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Bangladesh framing India-like rules to administer tariff preferences

Bilal9

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SYFUL ISLAM | Published: May 08, 2021 09:18:40 | Updated: May 08, 2021 14:49:34
A view of Chittagong Port is seen in this undated file photo
A view of Chittagong Port is seen in this undated file photo

Bangladesh is enacting new customs rules to administer all the tariff preferences given under various bilateral, regional and multilateral pacts, officials have said.

The new rules being framed by the National Board of Revenue (NBR) will be identical to those the Indian government enacted last September. The latter have made the attainment of tariff preferences 'almost impossible' by the trading partners of India.

Bangladesh strongly protested the Indian new customs rules when those came into effect, saying those were severely hindering the Dhaka's export to Delhi under the preferential deals.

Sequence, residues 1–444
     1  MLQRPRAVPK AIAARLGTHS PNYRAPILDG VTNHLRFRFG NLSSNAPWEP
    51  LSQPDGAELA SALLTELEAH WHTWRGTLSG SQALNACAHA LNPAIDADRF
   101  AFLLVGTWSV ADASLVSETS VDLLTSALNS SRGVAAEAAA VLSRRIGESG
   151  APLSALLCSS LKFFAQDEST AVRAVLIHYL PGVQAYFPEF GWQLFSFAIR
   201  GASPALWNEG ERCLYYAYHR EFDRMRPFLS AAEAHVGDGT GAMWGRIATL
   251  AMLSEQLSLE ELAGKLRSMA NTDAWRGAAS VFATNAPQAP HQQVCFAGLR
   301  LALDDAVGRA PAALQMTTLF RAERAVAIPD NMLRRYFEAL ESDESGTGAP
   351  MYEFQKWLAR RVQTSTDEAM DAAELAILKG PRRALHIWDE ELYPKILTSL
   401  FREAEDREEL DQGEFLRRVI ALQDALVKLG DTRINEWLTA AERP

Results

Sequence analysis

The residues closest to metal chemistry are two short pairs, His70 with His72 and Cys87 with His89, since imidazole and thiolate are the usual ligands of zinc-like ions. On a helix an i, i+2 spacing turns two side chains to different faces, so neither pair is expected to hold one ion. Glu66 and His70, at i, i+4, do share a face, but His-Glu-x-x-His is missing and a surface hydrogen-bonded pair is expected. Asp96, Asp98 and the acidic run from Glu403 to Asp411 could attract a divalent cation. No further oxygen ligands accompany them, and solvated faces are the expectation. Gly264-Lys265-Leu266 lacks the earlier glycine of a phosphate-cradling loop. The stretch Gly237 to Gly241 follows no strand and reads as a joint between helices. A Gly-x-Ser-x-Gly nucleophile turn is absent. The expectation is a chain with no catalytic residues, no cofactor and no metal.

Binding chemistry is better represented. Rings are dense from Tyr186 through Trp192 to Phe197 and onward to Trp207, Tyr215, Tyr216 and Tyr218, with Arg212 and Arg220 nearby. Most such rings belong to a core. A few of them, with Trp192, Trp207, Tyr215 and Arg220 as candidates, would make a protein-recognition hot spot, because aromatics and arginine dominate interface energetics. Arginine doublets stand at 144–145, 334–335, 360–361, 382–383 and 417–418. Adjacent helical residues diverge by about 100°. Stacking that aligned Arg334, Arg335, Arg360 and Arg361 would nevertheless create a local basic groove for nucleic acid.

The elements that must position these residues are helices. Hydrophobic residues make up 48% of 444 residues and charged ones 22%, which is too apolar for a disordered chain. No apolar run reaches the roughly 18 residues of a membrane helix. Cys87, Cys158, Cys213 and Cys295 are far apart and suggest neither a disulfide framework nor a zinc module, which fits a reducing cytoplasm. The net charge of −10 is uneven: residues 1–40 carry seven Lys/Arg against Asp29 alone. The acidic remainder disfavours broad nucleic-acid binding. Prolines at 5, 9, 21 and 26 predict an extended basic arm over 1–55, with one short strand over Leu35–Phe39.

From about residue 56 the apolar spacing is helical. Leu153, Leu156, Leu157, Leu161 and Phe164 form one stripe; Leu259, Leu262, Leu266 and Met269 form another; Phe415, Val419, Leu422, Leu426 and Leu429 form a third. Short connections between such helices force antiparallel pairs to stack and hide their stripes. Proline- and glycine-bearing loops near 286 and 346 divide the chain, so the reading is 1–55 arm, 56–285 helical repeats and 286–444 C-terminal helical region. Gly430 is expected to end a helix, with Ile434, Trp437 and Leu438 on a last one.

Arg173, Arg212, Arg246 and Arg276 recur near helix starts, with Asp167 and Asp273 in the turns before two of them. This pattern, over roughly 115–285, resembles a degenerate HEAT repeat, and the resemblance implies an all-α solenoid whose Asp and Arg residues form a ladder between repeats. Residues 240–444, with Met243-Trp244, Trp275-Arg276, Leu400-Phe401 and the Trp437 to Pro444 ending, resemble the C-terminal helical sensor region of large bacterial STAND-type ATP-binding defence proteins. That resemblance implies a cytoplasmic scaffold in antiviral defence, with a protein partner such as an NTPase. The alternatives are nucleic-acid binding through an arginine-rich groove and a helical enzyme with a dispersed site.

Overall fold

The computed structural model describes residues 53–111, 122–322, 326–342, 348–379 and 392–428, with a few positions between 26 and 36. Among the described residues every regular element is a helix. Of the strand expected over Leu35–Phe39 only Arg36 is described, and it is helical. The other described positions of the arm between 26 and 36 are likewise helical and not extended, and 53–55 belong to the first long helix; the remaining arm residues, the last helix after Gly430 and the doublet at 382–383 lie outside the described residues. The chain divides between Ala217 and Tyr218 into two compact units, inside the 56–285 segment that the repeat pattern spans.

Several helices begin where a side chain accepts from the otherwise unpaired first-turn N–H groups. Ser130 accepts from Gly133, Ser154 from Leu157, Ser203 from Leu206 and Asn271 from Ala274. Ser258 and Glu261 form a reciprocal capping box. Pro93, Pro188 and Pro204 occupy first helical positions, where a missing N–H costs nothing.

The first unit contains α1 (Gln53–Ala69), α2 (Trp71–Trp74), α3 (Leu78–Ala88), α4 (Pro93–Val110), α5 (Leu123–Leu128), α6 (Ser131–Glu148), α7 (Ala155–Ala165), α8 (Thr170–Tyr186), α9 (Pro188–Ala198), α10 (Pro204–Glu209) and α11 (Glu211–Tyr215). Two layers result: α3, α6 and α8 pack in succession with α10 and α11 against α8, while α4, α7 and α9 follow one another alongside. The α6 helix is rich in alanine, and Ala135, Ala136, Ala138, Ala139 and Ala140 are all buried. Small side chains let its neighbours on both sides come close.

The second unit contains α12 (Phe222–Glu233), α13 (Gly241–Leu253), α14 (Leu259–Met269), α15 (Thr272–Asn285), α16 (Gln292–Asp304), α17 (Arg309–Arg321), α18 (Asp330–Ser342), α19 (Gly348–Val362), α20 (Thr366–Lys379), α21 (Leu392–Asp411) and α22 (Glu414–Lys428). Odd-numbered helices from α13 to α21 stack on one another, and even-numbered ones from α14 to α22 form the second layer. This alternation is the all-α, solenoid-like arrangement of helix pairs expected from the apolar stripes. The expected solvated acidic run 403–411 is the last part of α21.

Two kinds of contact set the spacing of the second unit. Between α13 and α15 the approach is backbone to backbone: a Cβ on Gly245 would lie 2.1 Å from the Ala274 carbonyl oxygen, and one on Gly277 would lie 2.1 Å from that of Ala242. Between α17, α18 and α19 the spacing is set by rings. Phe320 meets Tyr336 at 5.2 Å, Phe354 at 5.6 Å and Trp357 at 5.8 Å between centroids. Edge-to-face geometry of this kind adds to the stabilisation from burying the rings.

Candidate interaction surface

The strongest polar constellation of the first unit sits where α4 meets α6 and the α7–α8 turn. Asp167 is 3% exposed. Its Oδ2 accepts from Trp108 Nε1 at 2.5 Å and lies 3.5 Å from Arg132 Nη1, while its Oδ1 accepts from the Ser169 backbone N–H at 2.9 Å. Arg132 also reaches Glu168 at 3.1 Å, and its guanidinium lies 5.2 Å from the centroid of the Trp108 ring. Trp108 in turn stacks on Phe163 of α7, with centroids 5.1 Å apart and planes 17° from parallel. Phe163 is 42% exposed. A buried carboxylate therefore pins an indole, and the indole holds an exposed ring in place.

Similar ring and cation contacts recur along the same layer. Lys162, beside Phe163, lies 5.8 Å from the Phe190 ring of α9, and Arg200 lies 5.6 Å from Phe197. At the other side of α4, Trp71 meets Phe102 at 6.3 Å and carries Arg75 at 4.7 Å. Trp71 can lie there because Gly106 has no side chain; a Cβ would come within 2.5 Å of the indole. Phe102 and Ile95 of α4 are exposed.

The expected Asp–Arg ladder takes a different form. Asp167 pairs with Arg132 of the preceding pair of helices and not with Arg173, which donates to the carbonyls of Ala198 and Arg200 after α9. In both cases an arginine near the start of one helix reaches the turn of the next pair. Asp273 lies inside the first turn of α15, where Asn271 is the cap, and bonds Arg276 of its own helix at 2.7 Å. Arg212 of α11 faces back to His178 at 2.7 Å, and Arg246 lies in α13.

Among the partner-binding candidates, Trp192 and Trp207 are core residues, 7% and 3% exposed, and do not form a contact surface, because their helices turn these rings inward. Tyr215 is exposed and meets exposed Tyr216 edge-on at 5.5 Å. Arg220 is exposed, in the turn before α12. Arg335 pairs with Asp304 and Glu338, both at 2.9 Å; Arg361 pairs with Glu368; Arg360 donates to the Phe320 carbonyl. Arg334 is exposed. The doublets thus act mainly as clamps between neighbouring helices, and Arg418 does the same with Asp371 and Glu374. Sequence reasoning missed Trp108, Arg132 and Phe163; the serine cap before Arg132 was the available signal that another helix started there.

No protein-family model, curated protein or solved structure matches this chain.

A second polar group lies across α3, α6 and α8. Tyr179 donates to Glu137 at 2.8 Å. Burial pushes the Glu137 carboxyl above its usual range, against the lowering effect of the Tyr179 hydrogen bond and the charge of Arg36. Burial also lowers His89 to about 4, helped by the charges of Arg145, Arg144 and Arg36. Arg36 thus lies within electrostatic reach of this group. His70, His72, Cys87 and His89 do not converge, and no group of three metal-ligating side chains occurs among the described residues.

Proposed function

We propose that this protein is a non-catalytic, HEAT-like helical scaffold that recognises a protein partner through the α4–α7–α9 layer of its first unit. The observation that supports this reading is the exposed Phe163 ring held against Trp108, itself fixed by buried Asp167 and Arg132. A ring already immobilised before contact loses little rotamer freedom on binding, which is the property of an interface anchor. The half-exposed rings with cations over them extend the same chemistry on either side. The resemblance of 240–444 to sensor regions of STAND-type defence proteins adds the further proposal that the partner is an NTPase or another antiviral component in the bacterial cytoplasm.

Economists also condemned formulating and applying such harsh rules by the regional powerhouse, which might ultimately make the preferential deals unproductive.

The Customs wing of NBR has prepared draft of the new rules and sent to the government and private sector stakeholders concerned, seeking their opinions.

The government is planning to make the new rules effective from the very first day of the upcoming fiscal year, 2021-22.

According to the draft, the rules will be named as - 'Customs duty preference rules under preferential or free trade agreements'. The rules will be applicable in case of providing tariff waiver under bilateral, regional and multilateral deals, where Bangladesh is a party.

According to the proposed rules, an importer, while claiming tariff preferences, has to submit certificate of origin, date of issuance of certificate, originating criterion, if accumulation or cumulation are applicable or not, if the certificate of origin was issued from a third country, and if the goods were directly exported from sourcing country or not.

Once the rules are enacted, a designated customs official will be able to refuse tariff preference, if the certificate of origin of goods is found incomplete or does not follow proper procedure of rules of origin or if the certificate issued is not entitled for tariff preference under the trade deal concerned.

The importers have to preserve all the documents linked to certificate of origin for five years, and have to submit to the designated customs officials when sought, the draft said.